Pluto probe makes closest approach this week

Jul 13, 2015

For nine years, scientists have waited for this week to arrive. New Horizons, the piano-sized space probe launched back in January 2006, makes its closest approach to the distant world Pluto on Tuesday.

Already, images sent back by New Horizons show sharp contrasts in color on Pluto's surface. Scientists now know Pluto has a very thin atmosphere. It also has at least five natural satellites.

Pluto, as seen from New Horizons on July 6. The space probe will reach its closest approach to the minor planet on Tuesday. Images from that encounter are expected to be released on Wednesday.
Credit NASA/Johns Hopkins University Applied Physics Laboratory

After New Horizons makes its closest approach to Pluto, it will take about a day for data and images to be sent to Earth and processed. NASA will release those images on Wednesday. Scientists, meanwhile, look forward to learning more about a minor planet which has already revealed some intriguing features.

"Some of the newer results are the composition of the surface," said Kevin Williams, director of the Whitworth Ferguson Planetarium at Buffalo State College. "There's methane on the surface. The color of the surface is really interesting."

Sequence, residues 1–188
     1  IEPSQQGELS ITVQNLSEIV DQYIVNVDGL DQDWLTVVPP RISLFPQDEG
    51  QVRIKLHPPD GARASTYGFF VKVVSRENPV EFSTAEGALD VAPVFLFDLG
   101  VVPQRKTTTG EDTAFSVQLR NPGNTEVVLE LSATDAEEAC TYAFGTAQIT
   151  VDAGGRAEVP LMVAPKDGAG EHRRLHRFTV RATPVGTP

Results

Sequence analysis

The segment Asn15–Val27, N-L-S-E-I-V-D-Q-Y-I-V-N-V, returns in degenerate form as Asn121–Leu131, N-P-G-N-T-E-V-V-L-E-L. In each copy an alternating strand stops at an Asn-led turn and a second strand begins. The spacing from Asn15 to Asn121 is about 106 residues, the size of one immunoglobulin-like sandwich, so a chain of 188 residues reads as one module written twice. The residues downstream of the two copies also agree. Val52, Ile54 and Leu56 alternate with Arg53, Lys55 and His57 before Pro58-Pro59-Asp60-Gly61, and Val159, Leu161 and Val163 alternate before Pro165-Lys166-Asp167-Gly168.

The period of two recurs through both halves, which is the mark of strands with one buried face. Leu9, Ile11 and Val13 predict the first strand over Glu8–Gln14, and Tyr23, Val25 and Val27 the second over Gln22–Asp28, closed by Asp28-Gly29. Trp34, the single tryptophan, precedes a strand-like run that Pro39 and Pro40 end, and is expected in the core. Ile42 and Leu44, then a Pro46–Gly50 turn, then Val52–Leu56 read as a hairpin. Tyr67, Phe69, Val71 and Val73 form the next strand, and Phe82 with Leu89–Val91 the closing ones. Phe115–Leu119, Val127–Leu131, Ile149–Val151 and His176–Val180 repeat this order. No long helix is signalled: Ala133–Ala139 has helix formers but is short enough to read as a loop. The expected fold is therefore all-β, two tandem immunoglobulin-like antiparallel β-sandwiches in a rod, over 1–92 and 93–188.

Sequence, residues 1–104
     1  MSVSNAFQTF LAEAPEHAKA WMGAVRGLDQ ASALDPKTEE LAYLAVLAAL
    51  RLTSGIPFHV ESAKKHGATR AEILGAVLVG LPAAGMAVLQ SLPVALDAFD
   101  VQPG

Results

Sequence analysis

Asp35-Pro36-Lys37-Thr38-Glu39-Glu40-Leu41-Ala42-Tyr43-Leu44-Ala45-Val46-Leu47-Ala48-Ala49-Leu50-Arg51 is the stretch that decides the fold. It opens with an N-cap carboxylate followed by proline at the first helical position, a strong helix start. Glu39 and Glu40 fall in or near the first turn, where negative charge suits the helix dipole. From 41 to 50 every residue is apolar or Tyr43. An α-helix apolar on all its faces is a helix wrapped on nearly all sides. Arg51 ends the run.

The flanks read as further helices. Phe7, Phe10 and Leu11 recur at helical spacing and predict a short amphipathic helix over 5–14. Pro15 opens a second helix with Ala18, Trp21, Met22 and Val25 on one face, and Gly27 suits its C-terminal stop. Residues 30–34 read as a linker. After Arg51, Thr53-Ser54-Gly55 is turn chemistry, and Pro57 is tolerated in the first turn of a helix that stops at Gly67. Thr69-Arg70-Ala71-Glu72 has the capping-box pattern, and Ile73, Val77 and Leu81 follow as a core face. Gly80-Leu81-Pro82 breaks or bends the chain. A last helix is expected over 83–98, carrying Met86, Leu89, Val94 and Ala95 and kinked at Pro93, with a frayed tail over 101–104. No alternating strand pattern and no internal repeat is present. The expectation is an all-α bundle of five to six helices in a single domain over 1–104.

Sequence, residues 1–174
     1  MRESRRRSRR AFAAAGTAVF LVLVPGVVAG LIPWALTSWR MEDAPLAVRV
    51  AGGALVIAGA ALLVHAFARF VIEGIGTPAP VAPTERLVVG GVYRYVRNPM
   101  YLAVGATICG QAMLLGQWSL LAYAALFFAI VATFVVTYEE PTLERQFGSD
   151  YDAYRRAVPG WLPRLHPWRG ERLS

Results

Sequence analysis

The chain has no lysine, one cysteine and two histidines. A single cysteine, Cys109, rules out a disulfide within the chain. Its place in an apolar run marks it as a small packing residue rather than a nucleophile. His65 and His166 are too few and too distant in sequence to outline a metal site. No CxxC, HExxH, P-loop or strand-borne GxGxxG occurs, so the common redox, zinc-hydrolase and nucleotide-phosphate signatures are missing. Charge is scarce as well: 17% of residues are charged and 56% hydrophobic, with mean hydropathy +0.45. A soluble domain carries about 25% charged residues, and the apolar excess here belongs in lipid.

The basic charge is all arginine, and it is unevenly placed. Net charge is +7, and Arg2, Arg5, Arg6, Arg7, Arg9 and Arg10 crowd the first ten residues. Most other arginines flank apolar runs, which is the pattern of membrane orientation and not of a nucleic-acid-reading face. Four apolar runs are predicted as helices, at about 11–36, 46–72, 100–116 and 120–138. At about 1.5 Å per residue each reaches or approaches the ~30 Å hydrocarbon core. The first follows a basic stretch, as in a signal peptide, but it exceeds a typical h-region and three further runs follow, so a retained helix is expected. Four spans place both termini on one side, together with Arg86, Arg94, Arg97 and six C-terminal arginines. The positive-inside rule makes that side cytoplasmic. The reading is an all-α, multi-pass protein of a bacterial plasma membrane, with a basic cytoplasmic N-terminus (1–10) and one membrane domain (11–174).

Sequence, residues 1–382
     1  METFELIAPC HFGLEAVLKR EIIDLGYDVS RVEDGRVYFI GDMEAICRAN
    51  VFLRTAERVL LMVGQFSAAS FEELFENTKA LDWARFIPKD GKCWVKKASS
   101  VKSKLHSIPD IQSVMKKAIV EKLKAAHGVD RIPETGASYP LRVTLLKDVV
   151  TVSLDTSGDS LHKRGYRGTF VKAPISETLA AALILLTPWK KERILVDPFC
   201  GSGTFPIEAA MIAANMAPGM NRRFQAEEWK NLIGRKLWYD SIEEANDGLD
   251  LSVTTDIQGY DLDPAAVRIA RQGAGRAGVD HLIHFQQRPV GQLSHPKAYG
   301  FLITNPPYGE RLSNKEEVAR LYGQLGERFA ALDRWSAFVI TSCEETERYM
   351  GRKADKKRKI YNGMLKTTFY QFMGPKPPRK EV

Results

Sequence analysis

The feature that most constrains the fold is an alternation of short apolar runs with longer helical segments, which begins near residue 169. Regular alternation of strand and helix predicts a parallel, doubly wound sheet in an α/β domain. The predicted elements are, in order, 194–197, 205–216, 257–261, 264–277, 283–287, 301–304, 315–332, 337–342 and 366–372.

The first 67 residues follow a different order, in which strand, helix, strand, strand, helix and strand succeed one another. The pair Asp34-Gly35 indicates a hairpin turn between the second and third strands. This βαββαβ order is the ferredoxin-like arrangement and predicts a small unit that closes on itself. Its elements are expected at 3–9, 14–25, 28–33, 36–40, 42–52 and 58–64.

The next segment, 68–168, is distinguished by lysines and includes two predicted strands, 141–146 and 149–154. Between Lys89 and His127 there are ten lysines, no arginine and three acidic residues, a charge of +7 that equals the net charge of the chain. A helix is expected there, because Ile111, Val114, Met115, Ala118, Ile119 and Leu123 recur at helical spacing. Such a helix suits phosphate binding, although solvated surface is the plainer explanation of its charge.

Just months after New Horizons was launched, Pluto made news when scientists voted to officially change its classification from 'planet' to 'minor planet.' Pluto's size - it's smaller than our Moon - led supporters of the change to pursue Pluto's demotion. Even with the curiosities now being spotted, Williams says Pluto faces no serious chance to regain promotion as one of the Solar System's major planets.

The Whitworth Ferguson Planetarium and Williamsville North High School planetarium are both hosting viewings of New Horizons' images on Wednesday evening, beginning at 7 p.m. at each venue.